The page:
I don’t know where to begin. Characters that entranced me from the first page? A dazzling background in Imperial Rome? Tight plot that wreaked every drop of action and emotion until you are completely wrung out? It has everything.
Thea is a slave girl from Judaea, passionate, musical, and guarded. Purchased as a toy for the spiteful heiress Lepida Pollia, Thea will become her mistress’s rival for the love of Arius the Barbarian, Rome’s newest and most savage gladiator. His love brings Thea the first happiness of her life-that is quickly ended when a jealous Lepida tears them apart.
As Lepida goes on to wreak havoc in the life of a new husband and his family, Thea remakes herself as a polished singer for Rome’s aristocrats. Unwittingly, she attracts another admirer in the charismatic Emperor of Rome. But Domitian’s games have a darker side, and Thea finds herself fighting for both soul and sanity. Many have tried to destroy the Emperor: a vengeful gladiator, an upright senator, a tormented soldier, a Vestal Virgin. But in the end, the life of the brilliant and paranoid Domitian lies in the hands of one woman: the Emperor’s mistress.
The back and forth story of Thea and Arius is captivating and I felt I was living in Imperial Rome, it became so real.
“The first time I went to an Imperial banquet I saw an orgy,” Calpurnia said bluntly. “And the second time I went I saw an assassination attempt, an arrest and a murder. I don’t really think I want to try a third time.”
At the half way point, I felt almost sick with emotion… I swung between wanting to gobble it up to see how it worked out, and slowing down to savour the immense richness. I wanted to cheer for Arius every time he went in the arena, literally fighting for his life. Arius wants to save his money to start a new life with Thea:
“I’m a slave. I can’t go with you.”
“I’ll buy you.” His voice was a low rush in my ear. “My prizes – enough to buy you three times over. Then when I get out of the arena -”
“You’ll never get out. You’ll die first -”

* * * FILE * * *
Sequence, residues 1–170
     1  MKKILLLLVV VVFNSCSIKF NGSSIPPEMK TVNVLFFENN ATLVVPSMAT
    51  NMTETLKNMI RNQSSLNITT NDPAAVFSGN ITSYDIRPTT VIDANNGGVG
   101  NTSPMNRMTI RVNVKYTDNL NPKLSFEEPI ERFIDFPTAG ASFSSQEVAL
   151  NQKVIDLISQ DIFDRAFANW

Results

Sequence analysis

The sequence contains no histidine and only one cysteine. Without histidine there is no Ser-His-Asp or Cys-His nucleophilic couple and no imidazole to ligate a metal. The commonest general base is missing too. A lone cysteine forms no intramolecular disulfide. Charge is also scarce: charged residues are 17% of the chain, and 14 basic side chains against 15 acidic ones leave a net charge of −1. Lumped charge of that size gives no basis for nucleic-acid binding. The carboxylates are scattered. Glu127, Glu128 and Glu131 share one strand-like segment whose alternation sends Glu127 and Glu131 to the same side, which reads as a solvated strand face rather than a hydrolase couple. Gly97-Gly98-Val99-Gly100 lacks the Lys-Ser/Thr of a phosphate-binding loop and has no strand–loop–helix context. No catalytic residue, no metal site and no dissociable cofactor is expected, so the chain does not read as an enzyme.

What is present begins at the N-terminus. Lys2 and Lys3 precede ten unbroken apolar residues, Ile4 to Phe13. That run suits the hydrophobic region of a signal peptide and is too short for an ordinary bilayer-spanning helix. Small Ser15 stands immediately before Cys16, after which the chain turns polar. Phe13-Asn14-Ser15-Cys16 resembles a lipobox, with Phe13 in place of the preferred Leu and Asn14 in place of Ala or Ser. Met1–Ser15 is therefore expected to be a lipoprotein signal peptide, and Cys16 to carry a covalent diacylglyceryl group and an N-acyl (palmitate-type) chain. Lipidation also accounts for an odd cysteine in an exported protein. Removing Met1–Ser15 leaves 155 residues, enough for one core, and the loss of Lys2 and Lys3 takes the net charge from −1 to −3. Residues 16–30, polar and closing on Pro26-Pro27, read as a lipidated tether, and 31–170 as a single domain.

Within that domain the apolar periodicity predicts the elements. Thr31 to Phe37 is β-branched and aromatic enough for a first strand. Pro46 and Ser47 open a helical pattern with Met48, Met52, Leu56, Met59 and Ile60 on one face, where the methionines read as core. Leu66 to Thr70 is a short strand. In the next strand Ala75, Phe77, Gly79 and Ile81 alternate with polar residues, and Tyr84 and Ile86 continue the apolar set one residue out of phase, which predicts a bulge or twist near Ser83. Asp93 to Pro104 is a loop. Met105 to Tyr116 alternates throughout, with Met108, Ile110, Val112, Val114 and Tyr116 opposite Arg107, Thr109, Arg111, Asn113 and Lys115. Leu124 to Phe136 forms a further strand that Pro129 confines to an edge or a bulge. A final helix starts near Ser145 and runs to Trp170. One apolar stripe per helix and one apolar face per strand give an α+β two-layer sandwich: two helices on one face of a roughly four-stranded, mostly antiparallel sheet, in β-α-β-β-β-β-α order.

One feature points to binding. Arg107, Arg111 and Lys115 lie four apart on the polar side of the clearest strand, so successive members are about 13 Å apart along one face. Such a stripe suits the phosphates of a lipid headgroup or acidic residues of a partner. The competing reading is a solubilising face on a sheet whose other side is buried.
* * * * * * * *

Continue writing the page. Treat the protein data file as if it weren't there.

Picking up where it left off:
I wanted to cry for Thea and the other complex, multi-layered characters. Paulinus, the war-hero-turned-Prefect, so honest and upstanding, and so tied in knots by the wicked Lepida. The loyal Paulinus cannot believe the Emperor would be anything but kind to his mistresses.
“You’re good for him, Thea.”
“So I am… He leaves all his shadows for me, leaving the sunlight for the rest of you.”
I wanted to kill the Emperor. Thea only finds out, too late, how cruel and sadistic he is. One of the house slaves comes to her in the morning:
He paused when he picked up the dress I’d left on the floor, wrinkling his nose at the stains.
“Throw it away,” I said.
He looked at me with such immense sympathy, standing there with the ruined dress in his big hands, that I turned my face away. He’d probably seen it all before.
Emperor Domitian takes ownership of Thea:
When I looked up there was a blacksmith in the door, soot-stained and out of place on the elegant terrace.
“Weld it closed,” said Domitian. “It doesn’t matter if you burn her.”
“What?” I twisted my head to look at him. “Weld -”
A more elegant version of that tawdry ring,” he explained genially. “I added the stone out of whimsy. A black stone. Consider it my eye upon you. I like to mark my belongings.”
My heart was in my mouth so much, I couldn’t speak when I put this down. The tension winds tighter with each chapter to reach an almost unbearable level and I feared that Arius and Thea would never find happiness with each other. I was thrilled to find out that Kate Quinn’s follow-up novel is due for publication in a few months time. I need to immerse myself now in something light and frothy, while I try to recover from the intensity of reading this magnificent book. 6 stars